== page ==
I ruminated once about how law departments might grant hourly rate increases to law firm lawyers not simply because a year has passed but because the lawyers have gained some demonstrably increased ability (See my post of Nov. 13, 2006 on the rationale to grant requests for rate increases and discounts; and Nov. 21, 2005 on the need for law firms to show increased productivity.).
A law department might take the same approach for its own members. “Show me how you are better now than last year in meeting the needs of this department and company, and I will base your merit raise – if any – on that increase in productivity.” What would this do? My cynical answer is that it will push lawyers to manufacture ostensible improvements in their capacities (See my post of April 8, 2005 about dumb SMART goals and their distorting effect.). Managers who evaluate those supposed extra skills will be no better off.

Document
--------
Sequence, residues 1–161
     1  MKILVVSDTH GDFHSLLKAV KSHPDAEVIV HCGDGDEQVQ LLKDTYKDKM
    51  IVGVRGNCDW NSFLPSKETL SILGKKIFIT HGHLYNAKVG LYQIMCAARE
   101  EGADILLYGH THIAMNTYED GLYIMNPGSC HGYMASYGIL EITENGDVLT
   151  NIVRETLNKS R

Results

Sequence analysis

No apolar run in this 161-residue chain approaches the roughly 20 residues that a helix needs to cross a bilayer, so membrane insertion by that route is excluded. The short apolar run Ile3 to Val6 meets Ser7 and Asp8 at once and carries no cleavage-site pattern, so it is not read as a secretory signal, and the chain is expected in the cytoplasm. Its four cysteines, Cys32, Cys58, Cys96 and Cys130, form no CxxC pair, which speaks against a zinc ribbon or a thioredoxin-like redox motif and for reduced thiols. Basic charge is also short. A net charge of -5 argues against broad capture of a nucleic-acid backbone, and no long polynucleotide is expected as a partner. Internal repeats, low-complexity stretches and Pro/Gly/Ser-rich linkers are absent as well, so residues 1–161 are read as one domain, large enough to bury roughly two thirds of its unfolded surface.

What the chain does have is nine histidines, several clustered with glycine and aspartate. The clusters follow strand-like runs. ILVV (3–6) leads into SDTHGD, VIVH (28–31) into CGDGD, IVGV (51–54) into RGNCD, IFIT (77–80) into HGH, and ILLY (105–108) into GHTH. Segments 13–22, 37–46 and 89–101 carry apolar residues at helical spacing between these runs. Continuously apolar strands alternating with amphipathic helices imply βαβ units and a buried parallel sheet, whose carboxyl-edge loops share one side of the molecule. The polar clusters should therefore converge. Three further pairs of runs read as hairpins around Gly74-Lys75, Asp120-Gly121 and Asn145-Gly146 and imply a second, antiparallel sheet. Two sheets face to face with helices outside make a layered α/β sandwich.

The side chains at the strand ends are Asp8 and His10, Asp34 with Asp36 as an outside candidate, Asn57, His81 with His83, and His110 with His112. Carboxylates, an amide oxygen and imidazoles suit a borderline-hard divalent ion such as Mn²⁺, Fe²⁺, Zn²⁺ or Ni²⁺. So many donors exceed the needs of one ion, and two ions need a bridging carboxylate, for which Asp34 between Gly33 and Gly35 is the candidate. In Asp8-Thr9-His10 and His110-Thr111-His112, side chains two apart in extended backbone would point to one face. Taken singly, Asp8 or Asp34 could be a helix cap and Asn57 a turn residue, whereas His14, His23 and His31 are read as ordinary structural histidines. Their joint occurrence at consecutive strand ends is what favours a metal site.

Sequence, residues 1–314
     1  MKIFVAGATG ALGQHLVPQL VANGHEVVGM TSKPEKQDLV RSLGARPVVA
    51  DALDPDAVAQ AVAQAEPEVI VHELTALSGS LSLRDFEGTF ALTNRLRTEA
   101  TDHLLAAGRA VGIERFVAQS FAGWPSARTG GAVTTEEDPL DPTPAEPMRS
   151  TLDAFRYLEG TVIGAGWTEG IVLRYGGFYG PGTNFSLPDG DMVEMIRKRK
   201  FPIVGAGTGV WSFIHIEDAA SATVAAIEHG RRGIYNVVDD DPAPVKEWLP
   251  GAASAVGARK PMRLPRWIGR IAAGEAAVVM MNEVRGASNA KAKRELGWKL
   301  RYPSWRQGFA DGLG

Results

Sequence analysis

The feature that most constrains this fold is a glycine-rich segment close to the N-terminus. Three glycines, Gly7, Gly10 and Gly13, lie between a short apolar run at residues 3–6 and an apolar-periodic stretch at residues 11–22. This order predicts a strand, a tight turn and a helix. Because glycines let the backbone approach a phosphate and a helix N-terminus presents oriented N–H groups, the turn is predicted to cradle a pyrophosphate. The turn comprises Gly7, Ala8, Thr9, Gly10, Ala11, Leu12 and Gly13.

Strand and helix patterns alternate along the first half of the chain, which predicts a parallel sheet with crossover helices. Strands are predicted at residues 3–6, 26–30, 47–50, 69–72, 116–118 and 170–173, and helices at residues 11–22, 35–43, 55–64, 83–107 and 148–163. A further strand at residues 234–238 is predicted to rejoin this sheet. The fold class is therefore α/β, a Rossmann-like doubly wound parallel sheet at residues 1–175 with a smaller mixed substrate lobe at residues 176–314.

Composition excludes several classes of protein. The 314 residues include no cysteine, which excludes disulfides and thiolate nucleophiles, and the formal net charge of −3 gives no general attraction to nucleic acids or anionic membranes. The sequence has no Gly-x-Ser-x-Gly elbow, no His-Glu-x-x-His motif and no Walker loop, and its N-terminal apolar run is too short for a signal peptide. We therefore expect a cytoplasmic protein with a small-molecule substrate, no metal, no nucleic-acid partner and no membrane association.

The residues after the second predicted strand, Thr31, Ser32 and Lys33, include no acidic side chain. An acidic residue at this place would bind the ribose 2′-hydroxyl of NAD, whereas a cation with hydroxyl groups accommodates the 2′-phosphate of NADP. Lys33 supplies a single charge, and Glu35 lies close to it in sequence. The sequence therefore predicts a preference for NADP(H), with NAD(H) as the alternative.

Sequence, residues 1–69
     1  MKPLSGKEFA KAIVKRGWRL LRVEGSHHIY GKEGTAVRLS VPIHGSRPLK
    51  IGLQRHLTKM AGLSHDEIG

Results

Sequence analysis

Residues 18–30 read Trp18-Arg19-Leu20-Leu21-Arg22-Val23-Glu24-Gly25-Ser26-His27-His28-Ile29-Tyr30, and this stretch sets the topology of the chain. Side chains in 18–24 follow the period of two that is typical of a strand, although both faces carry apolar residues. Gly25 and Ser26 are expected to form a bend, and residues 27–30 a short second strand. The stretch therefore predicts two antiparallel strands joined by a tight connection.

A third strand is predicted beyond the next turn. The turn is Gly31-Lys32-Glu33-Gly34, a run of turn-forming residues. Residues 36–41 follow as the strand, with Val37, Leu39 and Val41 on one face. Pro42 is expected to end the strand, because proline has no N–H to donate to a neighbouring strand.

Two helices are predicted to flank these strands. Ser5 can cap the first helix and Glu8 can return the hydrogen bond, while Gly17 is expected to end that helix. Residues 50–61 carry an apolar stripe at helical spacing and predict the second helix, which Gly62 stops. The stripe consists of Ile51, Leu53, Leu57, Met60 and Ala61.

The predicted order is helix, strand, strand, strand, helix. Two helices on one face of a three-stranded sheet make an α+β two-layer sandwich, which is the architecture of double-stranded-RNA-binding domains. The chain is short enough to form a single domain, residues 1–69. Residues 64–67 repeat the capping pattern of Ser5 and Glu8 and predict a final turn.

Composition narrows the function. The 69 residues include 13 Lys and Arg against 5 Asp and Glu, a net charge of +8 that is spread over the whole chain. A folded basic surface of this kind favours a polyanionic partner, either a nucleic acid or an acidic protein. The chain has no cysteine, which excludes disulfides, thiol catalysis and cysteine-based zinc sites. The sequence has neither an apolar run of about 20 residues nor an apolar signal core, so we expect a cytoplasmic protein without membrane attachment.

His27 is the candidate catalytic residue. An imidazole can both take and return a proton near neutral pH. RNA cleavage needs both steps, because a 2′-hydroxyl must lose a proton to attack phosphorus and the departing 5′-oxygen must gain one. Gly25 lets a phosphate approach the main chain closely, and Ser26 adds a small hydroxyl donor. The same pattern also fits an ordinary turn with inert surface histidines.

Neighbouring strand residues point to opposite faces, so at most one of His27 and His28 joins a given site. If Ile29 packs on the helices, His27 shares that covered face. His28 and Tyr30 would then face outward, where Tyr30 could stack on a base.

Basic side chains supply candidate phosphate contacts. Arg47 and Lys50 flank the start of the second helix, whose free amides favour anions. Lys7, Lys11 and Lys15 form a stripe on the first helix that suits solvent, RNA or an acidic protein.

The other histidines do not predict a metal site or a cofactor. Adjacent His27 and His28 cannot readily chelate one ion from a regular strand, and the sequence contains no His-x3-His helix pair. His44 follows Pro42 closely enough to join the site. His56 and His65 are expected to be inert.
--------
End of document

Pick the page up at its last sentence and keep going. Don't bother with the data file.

Law departments shouldn’t reward lawyers for expanding their jobs or moving up the hierarchy (aka promotions), but for increasing their skills, adding to their expertise, and managing their groups more effectively. That aspiration is easier to say than to do.